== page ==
Cardiac cell surface proteins are drug targets and useful biomarkers for discriminating among cellular phenotypes and disease states. Here we developed an analytical platform, CellSurfer, that enables quantitative cell surface proteome (surfaceome) profiling of cells present in limited quantities, and we apply it to isolated primary human heart cells. We report experimental evidence of surface localization and extracellular domains for 1,144 N-glycoproteins, including cell-type-restricted and region-restricted glycoproteins. We identified a surface protein specific for healthy cardiomyocytes, LSMEM2, and validated an anti-LSMEM2 monoclonal antibody for flow cytometry and imaging. Surfaceome comparisons among pluripotent stem cell derivatives and their primary counterparts highlighted important differences with direct implications for drug screening and disease modeling. Finally, 20% of cell surface proteins, including LSMEM2, were differentially abundant between failing and non-failing cardiomyocytes. These results represent a rich resource to advance development of cell type and organ-specific targets for drug delivery, disease modeling, immunophenotyping and in vivo imaging
Cardiomyocytes, fibroblasts, endothelial cells, smooth muscle cells and other heart cells work together to keep blood flowing throughout the body. Central to these coordinated heart functions are cell surface proteins (surfaceome1) that detect and transmit signals between cells. The surfaceome differs among cell types, and proteins on the cell surface change in response to internal and external signals activated during physiological development or pathological conditions. These attributes, together with their extracellular epitopes, make cell surface proteins suitable targets for reagents used in live cell sorting and in vivo imaging2,3. Clinically, cell surface proteins are a rich source for biomarkers that distinguish cellular phenotypes and disease states and for targets of drugs or compounds useful in the treatment of cardiac disorders or diseases4.
Despite previous molecular profiling efforts5,6,7,8, a detailed cell type and spatially resolved view of the surfaceome of the adult human heart is lacking. Transcriptomic approaches cannot directly inform protein abundance or localization. Antibody-based strategies are limited by availability of high-quality reagents, and generic proteomic analyses undersample the plasma membrane and do not directly inform subcellular localization. Consequently, there is an incomplete understanding of proteins and signaling pathways differentially present in normal or diseased myocardium, a limited number of accessible targets for organ-directed and cell-type-directed drug delivery and few validated cell-type-specific reagents for cell sorting and imaging of cardiac cells.
To enable surfaceome profiling of primary human cardiac cells, we developed an analytical platform, CellSurfer, which overcomes previous challenges in mass spectrometry (MS)-based cell surface proteome studies. CellSurfer includes a microscale Cell Surface Capture (µCSC) method for discovery of cell surface N-glycoproteins from small sample sizes as well as Veneer, a bioinformatic tool that expedites analysis, annotation and candidate prioritization for downstream validation. We applied CellSurfer to generate experimentally derived surfaceome maps of primary isolated human cardiac cells. These results advance the use of cell-type-specific and region-specific surfaceome data for improved drug evaluations, better disease modeling and testing biomarkers for heart disease.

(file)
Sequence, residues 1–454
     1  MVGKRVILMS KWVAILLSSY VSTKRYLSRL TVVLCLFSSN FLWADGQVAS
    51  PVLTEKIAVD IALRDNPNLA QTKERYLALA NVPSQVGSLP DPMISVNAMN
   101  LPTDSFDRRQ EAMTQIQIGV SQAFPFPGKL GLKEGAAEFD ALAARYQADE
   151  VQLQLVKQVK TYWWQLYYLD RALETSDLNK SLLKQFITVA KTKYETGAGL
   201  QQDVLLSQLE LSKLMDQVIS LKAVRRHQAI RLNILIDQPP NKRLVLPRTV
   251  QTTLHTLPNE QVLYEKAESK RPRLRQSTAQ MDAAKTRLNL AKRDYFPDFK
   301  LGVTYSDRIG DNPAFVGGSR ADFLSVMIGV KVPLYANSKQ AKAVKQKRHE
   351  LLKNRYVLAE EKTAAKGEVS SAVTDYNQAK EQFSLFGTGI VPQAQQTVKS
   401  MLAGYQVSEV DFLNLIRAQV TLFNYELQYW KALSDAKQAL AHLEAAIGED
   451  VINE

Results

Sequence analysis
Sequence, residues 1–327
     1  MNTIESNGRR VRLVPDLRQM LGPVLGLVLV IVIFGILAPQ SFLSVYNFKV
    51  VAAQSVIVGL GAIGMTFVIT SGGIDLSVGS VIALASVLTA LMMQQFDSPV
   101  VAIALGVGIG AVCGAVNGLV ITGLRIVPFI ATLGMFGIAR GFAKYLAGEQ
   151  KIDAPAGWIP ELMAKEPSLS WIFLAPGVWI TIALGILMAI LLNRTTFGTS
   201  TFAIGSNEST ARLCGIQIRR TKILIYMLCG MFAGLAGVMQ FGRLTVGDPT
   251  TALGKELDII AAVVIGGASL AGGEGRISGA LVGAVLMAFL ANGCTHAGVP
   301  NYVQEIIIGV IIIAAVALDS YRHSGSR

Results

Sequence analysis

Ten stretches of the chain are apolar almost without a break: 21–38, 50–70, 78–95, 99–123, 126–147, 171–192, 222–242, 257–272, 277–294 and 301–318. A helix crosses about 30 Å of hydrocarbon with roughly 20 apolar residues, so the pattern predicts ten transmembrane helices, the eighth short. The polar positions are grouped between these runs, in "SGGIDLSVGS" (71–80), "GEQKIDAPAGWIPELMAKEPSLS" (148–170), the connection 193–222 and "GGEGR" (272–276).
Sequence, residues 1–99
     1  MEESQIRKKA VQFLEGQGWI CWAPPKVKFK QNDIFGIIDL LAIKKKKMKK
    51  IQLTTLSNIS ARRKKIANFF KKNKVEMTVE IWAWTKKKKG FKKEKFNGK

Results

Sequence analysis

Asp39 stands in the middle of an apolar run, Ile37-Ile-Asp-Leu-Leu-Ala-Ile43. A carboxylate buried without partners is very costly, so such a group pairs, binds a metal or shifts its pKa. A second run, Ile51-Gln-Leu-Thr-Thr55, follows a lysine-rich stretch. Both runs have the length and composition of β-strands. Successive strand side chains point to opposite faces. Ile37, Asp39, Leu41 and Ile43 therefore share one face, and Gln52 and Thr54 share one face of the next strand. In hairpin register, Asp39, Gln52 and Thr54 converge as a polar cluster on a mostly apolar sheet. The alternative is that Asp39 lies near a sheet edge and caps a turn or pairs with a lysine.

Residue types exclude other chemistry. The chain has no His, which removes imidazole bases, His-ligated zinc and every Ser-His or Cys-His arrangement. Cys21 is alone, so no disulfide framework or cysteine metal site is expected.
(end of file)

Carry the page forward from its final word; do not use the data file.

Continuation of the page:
CellSurfer comprises three modules within a streamlined platform for rapid, quantitative discovery of the cell surface N-glycoproteome (Fig. 1). The ‘Prepare module’ features a μCSC method for sample preparation, identification and quantification of extracellular domains of cell surface N-glycoproteins by MS. μCSC uses a chemical catalyst to enhance hydrazide-mediated biotinylation of extracellular glycans on cells with intact plasma membranes and an automated magnetic-bead-based glycopeptide enrichment strategy to minimize sample loss and human intervention. The ‘Process module’ features Veneer, a webtool that rapidly curates search engine results and provides enhanced functional annotations to facilitate biological interpretation (https://www.cellsurfer.net/veneer). Veneer enables consistent interpretation and reporting of μCSC and related datasets. We avoid reliance on Gene Ontology (GO) terms and database annotations—commonly used in transcriptomic and generic proteomics approaches—by using experimental evidence and applying stringent criteria to accurately classify identified proteins as cell surface N-glycoproteins. The N-glycosite information is valuable for determining the orientation of uncharacterized transmembrane proteins necessary to inform downstream antibody development. In the ‘Prioritize module’, CIRFESS9 provides a quality control measure to match predicted versus experimentally identified N-glycosylated extracellular peptides. SurfaceGenie10 rapidly prioritizes candidate cell-type-specific markers. Protter11 provides visualization of experimentally identified peptides as it relates to membrane protein topology, providing a rapid strategy to view the extracellular domains of proteins and inform epitope selection for antibody or other targeting. Combining these tools allows users to rapidly prioritize candidate markers and assess and visualize surfaceome coverage and extracellular domains for downstream applications (for example, drug targeting, immunophenotyping and immunotherapy).